OTTAWA — The Liberal government hasn’t ruled out holding a vote on any upcoming peacekeeping missions.
“No decisions have been made yet,” Government House leader Bardish Chagger told The Huffington Post Canada Friday.
Bardish Chagger speaks to the media on Parliament Hill, Aug. 19. (Photo: Patrick Doyle/The Canadian Press)
The government announced last month that it would spend $450 million over three years on United Nations peacekeeping operations and send up to 600 military personnel and 150 police officers to participate in unspecified United Nations peacekeeping missions. Defence Minister Harjit Sajjan told reporters Canada may contribute to more than one mission, and he noted the very likely possibility that Canadian men and women could be sent into harm's way.
Many of the possible missions the Canadian government is considering, such as the Central African Republic, and Democratic Republic of the Congo, and especially, Mali — the most dangerous active UN peacekeeping mission — carry great risks. So far, this year alone, 32 peacekeepers have died, 25 in what the UN calls “malicious acts.” In May, when five Togolese peacekeepers were ambushed, the UN called it a “heinous act of terrorism.”
Canada eyeing UN Security Council seat
Many observers believe Prime Minister Justin Trudeau’s government is bent on UN peacekeeping to show Canada’s commitment to the multilateral organization as it bids for a seat on the Security Council in 2021.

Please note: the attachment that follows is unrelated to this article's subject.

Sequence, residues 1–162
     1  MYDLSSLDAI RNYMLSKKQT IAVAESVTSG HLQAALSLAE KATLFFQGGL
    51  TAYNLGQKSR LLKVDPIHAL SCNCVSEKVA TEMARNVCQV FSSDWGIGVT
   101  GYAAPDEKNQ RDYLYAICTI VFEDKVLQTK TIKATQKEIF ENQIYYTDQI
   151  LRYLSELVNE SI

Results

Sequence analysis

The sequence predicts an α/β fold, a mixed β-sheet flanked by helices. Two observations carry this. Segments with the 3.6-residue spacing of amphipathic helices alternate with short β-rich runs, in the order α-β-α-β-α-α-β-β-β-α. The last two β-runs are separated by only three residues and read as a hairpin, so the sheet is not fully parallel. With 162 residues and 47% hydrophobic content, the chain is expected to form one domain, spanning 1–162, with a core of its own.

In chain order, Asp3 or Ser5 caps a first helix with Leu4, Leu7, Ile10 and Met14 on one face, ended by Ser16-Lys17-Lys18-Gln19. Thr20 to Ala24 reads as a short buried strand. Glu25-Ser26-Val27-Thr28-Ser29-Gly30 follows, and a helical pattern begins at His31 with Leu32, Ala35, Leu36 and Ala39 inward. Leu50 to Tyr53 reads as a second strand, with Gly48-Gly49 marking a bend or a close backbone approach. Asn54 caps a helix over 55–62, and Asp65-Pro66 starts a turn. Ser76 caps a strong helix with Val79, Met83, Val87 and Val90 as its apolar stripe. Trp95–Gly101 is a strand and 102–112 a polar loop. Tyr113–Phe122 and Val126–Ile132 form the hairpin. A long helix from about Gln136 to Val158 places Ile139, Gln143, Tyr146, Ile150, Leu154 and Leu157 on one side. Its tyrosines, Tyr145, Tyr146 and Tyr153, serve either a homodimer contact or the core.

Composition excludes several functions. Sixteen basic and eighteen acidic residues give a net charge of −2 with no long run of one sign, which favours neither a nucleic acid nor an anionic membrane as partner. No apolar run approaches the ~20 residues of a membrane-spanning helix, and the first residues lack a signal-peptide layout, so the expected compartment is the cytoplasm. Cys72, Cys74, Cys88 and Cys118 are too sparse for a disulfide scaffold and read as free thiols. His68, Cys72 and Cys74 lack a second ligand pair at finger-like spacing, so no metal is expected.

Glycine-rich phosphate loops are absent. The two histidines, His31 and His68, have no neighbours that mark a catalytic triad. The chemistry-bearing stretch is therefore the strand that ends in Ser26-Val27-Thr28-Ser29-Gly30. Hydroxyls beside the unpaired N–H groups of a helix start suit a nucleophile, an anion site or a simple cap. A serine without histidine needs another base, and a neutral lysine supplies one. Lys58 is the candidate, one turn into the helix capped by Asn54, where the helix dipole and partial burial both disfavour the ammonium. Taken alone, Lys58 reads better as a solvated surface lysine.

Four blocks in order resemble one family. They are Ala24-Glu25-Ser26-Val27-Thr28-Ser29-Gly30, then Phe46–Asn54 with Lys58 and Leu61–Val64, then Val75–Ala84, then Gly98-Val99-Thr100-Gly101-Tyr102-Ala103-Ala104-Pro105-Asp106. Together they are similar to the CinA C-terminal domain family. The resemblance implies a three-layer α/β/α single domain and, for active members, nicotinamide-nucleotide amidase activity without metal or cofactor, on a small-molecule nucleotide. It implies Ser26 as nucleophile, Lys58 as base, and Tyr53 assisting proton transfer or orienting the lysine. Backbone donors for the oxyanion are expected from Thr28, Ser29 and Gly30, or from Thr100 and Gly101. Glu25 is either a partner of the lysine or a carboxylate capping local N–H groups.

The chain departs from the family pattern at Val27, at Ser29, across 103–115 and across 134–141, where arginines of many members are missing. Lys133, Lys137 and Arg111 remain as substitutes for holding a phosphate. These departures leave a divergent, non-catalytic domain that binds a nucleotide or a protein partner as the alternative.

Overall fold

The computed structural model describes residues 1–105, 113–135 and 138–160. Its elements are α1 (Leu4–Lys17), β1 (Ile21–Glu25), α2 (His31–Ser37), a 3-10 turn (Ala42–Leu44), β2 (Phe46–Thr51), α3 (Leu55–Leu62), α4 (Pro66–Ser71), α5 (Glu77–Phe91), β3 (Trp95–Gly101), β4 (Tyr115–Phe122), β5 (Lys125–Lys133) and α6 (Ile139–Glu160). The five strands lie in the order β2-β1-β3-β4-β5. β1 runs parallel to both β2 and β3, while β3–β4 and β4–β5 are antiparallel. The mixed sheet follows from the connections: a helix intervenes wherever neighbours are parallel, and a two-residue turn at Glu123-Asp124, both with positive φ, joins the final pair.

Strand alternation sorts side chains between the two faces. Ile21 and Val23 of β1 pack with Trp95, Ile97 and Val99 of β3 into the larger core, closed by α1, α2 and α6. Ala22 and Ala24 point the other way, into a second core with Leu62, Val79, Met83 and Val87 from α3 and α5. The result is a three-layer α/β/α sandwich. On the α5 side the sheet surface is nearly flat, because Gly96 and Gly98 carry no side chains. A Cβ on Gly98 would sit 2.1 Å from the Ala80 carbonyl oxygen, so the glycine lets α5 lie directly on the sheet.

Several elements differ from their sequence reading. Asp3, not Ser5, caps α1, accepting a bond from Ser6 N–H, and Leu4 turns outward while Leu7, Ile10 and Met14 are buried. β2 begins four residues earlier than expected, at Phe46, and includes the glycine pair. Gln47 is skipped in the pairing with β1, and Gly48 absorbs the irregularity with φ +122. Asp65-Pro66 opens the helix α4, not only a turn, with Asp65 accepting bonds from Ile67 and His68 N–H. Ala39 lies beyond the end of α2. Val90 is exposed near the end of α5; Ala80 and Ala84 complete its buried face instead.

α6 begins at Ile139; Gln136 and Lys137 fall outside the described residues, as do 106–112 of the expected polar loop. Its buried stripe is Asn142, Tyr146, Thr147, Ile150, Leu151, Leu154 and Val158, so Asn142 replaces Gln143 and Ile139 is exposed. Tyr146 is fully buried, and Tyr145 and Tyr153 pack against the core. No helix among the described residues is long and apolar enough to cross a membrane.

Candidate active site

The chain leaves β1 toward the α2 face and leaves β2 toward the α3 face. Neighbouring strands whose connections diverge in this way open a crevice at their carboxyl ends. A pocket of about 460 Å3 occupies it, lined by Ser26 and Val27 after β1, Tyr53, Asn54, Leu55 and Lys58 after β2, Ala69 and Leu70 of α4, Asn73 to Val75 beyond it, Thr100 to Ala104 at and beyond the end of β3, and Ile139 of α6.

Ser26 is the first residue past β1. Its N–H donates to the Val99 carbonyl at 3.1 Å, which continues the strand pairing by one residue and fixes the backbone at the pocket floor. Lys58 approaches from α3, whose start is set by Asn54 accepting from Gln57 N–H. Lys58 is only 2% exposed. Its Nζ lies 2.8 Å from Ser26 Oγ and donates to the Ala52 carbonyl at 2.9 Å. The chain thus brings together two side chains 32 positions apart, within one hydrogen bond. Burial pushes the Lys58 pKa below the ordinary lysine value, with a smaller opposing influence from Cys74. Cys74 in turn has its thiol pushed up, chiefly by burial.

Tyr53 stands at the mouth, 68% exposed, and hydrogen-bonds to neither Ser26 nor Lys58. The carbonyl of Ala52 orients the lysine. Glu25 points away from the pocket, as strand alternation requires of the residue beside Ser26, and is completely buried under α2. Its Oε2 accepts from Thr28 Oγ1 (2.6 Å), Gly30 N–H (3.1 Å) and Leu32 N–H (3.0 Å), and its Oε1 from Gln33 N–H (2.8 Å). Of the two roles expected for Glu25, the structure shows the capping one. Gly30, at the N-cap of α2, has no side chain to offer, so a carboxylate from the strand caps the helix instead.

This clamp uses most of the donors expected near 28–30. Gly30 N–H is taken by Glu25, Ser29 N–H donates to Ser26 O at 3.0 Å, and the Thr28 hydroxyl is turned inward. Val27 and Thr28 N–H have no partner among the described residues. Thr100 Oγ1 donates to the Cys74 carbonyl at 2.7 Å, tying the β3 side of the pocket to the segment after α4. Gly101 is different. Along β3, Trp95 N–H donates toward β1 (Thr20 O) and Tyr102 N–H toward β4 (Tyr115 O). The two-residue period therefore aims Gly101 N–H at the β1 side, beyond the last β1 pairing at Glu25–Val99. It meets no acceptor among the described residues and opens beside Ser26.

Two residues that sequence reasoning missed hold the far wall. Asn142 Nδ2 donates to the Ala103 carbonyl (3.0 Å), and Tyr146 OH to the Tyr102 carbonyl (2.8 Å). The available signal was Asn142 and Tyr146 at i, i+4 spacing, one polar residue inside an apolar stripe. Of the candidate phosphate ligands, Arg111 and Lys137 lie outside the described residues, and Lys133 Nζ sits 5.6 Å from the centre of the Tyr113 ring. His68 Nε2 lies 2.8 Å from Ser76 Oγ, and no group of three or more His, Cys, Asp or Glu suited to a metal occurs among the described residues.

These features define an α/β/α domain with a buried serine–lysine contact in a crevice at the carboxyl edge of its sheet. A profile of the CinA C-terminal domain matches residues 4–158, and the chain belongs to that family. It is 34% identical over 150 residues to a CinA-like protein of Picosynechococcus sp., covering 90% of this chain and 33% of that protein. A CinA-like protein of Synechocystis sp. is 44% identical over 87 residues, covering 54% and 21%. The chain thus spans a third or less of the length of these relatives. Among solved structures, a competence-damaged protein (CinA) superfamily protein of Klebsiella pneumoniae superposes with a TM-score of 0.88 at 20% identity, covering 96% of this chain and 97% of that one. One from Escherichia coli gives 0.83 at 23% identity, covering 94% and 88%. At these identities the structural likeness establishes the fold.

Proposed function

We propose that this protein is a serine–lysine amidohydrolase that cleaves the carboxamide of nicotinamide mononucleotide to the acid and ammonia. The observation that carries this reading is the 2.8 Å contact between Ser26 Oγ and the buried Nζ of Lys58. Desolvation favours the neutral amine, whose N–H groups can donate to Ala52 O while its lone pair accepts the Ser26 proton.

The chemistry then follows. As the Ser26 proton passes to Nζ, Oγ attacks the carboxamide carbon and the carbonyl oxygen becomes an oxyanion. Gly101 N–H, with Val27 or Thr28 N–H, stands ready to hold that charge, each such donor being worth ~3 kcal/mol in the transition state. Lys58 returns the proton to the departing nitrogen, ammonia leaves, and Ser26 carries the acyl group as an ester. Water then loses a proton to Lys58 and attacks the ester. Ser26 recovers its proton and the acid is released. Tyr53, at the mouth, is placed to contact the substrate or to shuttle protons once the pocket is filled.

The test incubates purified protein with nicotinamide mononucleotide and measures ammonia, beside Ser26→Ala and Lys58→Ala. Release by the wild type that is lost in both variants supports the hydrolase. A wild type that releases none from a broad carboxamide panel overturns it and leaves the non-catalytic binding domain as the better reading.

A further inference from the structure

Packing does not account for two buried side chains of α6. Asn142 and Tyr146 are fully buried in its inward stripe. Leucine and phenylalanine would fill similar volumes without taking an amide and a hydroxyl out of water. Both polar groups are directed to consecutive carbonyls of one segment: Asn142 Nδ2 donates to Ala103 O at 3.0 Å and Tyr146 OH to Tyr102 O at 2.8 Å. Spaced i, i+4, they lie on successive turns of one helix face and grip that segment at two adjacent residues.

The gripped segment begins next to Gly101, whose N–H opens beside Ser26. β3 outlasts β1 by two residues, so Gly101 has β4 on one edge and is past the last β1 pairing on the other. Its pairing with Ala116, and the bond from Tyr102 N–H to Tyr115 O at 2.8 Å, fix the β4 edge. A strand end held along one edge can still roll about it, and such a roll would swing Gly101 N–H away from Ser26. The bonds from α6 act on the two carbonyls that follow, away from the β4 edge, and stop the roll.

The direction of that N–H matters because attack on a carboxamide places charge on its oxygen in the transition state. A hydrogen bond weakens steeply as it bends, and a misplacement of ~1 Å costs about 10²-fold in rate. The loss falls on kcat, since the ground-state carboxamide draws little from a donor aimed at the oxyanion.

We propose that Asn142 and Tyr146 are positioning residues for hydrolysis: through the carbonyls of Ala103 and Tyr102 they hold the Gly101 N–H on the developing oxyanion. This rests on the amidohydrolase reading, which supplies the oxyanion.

Foreign Minister Stéphane Dion told reporters in August that Canada’s pledge would give the country “a stronger voice on the world stage.” Trudeau called it a “first step” and said this was Canada’s “demonstrating to the world that we are very much interested [in] and supportive of the work that the United Nations does to stabilize, to create security, to create opportunity in difficult places all around the world.”
Canada — with 84 police offers, 19 troops and nine military experts assigned — currently ranks 67th on the list of countries contributing military and police personnel to UN operations.
Trudeau won’t be announcing Canada’s peacekeeping contributions when he addresses the United Nations General Assembly on Tuesday, sources told HuffPost.
Candice Bergen talks with media in Ottawa, May 19. (Photo: Matthew Usherwood/The Canadian Press)
The government is still gathering information and examining where Canada can best contribute, Chagger said. “When decisions are made, and we know the direction we are taking, we are definitely be communicating that with Canadians.”
Conservatives hope Trudeau brings any peacekeeping mission to a vote in the House of Commons.
“It’s kind of come out of the blue,” Conservative House leader Candice Bergen said of the government’s late summer UN peacekeeping pledge.
"Why is he doing this? We don’t know.”
“We are waiting to hear why does he believe that we should be putting Canadian men and women in harm’s way in Africa? What’s the purpose? What will be accomplished? What are the measurements? What will be the indicator of a successful mission? Why is he doing this? We don’t know.”
In response, Chagger said the Liberals campaigned to take on a peacekeeping mission.
But since the Grits put the extension of the mission against the so-called Islamic State up for a parliamentary vote in March, it seems difficult for them to argue against the need for one now.
Process not yet finalized: Sajjan
That is, however, what Sajjan tried to do last week. In an interview with The Globe and Mail, the defence minister said there would be no parliamentary vote.
“No. We will be deciding in cabinet and moving forward as quickly as possible on this,” he is quoted telling the Globe. Afterwards, he said the process hadn’t been finalized.
Chagger suggested the same Friday.
“Let’s return to the House of Commons and see what we want to do,” she said.
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